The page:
Similarity Graphs

The idea of reasoning about content to recommend as a similarity graph is quite widespread. Broadly speaking, you can start by drawing a set of circles (for users) on the left and a set of circles (for “items” – songs, movies..) on the right; when users rate/listen to/etc items, you draw an arrow from the corresponding left circle to the right circle (i.e. a bipartite graph).  What collaborative filtering algorithms can do is project the two-sided graph to two equivalent representations, where users are linked to other users, and items are linked to other items based on how similar they are.

There are a bunch of places where this kind of abstraction has been used; for example, Oscar Celma used graphs to navigate users when discovering music in the long-tail. Paul Lamere posted graphs made with the EchoNest API on his blog. I’ve also dabbled in this area a bit, but not using music listening data; I was using (the more traditional) MovieLens and Netflix datasets. The question that comes to mind when reading about techniques that operate on the graph, though, is: are the underlying graphs real representations of similarity between content? What if the graphs are wrong?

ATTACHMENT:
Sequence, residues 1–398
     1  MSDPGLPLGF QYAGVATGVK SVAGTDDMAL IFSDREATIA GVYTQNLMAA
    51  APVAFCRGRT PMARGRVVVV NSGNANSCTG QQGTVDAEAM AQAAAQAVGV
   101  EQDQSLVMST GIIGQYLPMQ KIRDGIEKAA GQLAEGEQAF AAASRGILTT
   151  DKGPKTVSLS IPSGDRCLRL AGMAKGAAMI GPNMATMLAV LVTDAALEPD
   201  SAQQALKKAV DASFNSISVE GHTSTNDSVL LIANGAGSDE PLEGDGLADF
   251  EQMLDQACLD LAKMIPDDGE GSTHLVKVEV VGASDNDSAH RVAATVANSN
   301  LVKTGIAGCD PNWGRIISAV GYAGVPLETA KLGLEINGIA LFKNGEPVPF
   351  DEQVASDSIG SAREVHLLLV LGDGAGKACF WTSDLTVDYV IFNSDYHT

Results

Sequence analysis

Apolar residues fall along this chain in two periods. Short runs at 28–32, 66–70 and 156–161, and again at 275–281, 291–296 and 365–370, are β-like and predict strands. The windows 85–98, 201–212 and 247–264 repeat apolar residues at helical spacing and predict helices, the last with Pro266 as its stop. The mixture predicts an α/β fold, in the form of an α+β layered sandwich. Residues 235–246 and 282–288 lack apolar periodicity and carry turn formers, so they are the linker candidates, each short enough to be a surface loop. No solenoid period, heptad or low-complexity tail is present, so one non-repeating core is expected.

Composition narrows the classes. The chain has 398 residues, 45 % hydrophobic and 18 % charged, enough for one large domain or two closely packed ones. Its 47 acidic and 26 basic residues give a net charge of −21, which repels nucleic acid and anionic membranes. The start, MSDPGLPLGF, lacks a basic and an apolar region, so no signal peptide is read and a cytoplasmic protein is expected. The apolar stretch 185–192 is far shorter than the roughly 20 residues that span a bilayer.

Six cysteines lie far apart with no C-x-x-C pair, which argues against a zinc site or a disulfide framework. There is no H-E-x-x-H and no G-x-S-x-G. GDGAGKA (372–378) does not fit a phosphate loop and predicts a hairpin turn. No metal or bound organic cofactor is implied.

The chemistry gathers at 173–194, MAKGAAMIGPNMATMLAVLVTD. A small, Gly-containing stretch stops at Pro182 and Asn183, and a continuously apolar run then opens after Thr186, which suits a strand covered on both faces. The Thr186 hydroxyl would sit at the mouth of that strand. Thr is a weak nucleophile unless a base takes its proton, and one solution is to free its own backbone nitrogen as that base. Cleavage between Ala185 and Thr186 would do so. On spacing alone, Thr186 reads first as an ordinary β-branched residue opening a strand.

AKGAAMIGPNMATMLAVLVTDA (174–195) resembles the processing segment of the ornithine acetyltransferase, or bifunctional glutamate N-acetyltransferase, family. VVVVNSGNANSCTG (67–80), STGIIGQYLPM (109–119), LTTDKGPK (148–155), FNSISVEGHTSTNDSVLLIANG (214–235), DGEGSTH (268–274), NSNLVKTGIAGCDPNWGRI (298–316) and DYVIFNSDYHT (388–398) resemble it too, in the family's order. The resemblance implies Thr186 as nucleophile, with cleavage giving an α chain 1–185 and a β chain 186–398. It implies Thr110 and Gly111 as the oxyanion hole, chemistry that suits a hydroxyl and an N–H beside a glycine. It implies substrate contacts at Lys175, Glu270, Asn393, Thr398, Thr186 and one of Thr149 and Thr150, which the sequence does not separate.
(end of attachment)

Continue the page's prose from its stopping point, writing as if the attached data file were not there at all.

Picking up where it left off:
A tiny (potentially biased) example shows this: on Last.fm, Led Zepp’s #2 similar artist is Pink Floyd, a band that does not appear in Paul Lamere’s graph (note: the latter graph has been pruned. So maybe this is a bad example, but you get the idea). Navigating on graphs for an artist made using two different datasets may lead you down very different paths of discovery..

This problem is rooted in the fact that different similarity measures don’t agree with one another: given two vectors of ratings, different measures will produce equally different similarity values (and distributions of similarity). As I looked at in this paper, this sometimes means that random-valued similarity produces pretty good predictive accuracy results. Another way of thinking about the problem may be looking at how the graph changes over time as users rate the content even more. One of the main results I poster-ed at RecSys ’08 is that, in the case of movies being explicitly rated, this graph is subject to huge (and quick) change. Two users will be extraordinarily similar now, and drop out of each other’s neighbourhood later. Is this a good thing? How does this reflect on the collaborative filtering assumption of  “users who have been like-minded in the past are likely to share similar future interests?”

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